The station is part of the global network consisting of 79 stations continuously measuring radioactive substances in the atmosphere to monitor compliance with the Comprehensive Nuclear-Test-Ban Treaty (CTBT) which prohibits nuclear test explosions. RN49 is the only Norwegian radionuclide station in the network, and the only radionuclide station on Svalbard. 

Global network of monitoring stations 

In the event of a detonation of nuclear weapons or an emission from a nuclear power plant, radioactive substances not naturally present will be released. If the release occurs above ground or there are leaks from an underground explosion, the radioactive substances will be released into the atmosphere and transported rapidly and over long distances by air currents. The monitoring systems are highly sensitive, and detecting substances not naturally produced is a clear indication of a man-made event. Therefore, the verification system ensuring compliance with the Treaty has a global network of monitoring stations using various technologies to detect possible explosions. In addition to RN49, NORSAR operates five other stations on Norwegian territory: four seismic and one infrasound station. 

Location is important 

To obtain the best possible measurements, the station must be located in an area with good air exchange, stable power supply, and available operational personnel. In Longyearbyen, the only location that met all of the requirements was KSAT’s antenna area on Platåberget.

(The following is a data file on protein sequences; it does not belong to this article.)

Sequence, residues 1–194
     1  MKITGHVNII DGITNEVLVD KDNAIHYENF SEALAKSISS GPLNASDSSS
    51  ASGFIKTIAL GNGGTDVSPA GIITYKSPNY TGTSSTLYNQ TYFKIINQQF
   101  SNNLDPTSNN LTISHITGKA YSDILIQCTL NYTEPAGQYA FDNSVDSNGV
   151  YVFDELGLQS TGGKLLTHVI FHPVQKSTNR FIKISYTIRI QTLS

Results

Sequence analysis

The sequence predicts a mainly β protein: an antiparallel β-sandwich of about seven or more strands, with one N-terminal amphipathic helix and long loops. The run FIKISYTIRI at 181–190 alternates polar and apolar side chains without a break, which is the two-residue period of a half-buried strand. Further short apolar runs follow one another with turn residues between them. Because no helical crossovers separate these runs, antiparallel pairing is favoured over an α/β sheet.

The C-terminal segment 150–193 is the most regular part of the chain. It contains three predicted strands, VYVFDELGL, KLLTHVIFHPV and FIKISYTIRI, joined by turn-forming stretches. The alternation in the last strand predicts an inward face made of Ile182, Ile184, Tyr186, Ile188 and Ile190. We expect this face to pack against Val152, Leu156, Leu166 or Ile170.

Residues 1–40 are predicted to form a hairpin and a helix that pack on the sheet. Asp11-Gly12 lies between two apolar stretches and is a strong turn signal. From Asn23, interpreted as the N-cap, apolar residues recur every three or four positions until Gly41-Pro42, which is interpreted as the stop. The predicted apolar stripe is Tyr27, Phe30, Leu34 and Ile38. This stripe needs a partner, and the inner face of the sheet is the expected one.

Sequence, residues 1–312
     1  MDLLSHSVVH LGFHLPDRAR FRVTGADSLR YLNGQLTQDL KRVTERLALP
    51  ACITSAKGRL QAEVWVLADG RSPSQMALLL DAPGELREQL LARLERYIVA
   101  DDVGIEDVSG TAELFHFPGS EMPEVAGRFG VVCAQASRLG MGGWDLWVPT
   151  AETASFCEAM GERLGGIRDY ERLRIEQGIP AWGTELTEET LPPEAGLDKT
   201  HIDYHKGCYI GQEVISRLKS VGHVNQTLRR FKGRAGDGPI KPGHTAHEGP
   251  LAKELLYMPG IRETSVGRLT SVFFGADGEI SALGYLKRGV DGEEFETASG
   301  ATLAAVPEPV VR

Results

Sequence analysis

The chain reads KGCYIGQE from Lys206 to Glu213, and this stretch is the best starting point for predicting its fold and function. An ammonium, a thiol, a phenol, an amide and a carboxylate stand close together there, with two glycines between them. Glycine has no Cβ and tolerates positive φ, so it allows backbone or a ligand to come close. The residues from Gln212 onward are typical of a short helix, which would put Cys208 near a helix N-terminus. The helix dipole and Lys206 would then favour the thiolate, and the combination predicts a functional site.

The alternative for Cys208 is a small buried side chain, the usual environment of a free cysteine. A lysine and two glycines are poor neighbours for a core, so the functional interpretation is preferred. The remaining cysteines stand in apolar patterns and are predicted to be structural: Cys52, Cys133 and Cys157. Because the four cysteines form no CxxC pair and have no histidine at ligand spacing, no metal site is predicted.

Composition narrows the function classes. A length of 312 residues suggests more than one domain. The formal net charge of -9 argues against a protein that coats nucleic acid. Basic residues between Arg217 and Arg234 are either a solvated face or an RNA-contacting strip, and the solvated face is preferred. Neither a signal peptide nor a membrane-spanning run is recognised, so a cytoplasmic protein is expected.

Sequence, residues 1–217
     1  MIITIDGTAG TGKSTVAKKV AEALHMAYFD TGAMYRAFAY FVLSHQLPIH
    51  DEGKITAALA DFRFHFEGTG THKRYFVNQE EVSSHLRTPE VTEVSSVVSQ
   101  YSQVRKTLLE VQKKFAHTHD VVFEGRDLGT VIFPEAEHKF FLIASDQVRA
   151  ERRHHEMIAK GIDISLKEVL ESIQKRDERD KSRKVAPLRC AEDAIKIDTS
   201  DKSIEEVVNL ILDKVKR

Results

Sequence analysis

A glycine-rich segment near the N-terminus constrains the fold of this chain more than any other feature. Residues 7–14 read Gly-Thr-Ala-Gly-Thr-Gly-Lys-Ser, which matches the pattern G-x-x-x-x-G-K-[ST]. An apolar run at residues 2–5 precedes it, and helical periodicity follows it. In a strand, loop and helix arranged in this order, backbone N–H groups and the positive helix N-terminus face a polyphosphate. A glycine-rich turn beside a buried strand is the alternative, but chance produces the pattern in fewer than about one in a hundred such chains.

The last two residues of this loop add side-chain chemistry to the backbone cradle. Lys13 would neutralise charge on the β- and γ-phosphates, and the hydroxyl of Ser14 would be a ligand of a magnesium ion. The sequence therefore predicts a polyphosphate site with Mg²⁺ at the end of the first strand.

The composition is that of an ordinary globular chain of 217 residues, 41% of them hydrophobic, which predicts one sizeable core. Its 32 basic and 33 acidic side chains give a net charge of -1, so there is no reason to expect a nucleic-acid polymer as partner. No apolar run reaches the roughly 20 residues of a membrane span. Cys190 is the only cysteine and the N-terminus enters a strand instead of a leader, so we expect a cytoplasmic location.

KSAT area
Aerial view of the KSAT area on Platåberget. Photo: KSAT

Necessary renewal 

RN49 was originally commissioned as an air filtration station in 2002. In 2012, it was expanded to sample noble gases. This is a more complex procedure that is only performed at 39 of the 79 stations in the network. By 2022, both parts of the station had been in continuous operation for 10 and 20 years, respectively, and it was time for a renewal. Key components of the noble gas station were replaced in the early summer of 2022, and most of the particle station was renewed in the late summer of 2023. After the renewals, the stations underwent a testing phase. 

Revalidation required 

For the station to be formally reinstated as part of the international network, it must be recertified by the CTBT Organization (CTBTO). This process includes an assessment of the station’s performance, operating systems, available expertise, and documentation. This week, an expert team from CTBTO went on inspection together with NORSAR’s senior engineer Morten Sickel. Initially, the noble gas station will undergo recertification. The time for recertification of the particle station has not yet been determined but is expected to take place in 2024. 

CTBTO experts, Aleksandr Tarasov & Herbert Gohla, conducting their inspection. Photo: NORSAR

Serving several purposes 

Although the station is primarily installed to detect tests of nuclear weapons, they have also proven useful in detecting emissions from industrial processes and accidents both in Europe and Asia, including after the Fukushima accident in 2011. However, none of these events posed threats to humans or nature in Svalbard. 

In Norway, the Norwegian Radiation and Nuclear Safety Authority (DSA) is the authority handling radioactive events. They use data from RN49 together with data from their own mainland stations to develop a situational understanding after major emissions. Data from the stations are also of interest to atmospheric scientists, as they can be used to verify and develop models for the transport of substances in the atmosphere.